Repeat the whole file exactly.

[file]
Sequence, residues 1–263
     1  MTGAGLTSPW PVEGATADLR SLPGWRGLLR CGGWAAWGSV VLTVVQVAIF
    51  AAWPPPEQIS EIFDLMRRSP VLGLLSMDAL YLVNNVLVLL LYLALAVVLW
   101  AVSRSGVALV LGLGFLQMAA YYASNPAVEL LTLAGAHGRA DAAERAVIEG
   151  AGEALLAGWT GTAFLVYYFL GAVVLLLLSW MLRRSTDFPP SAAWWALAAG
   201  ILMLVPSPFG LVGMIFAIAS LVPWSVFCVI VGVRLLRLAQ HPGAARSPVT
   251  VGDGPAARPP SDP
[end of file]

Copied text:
Sequence, residues 1–263
     1  MTGAGLTSPW PVEGATADLR SLPGWRGLLR CGGWAAWGSV VLTVVQVAIF
    51  AAWPPPEQIS EIFDLMRRSP VLGLLSMDAL YLVNNVLVLL LYLALAVVLW
   101  AVSRSGVALV LGLGFLQMAA YYASNPAVEL LTLAGAHGRA DAAERAVIEG
   151  AGEALLAGWT GTAFLVYYFL GAVVLLLLSW MLRRSTDFPP SAAWWALAAG
   201  ILMLVPSPFG LVGMIFAIAS LVPWSVFCVI VGVRLLRLAQ HPGAARSPVT
   251  VGDGPAARPP SDP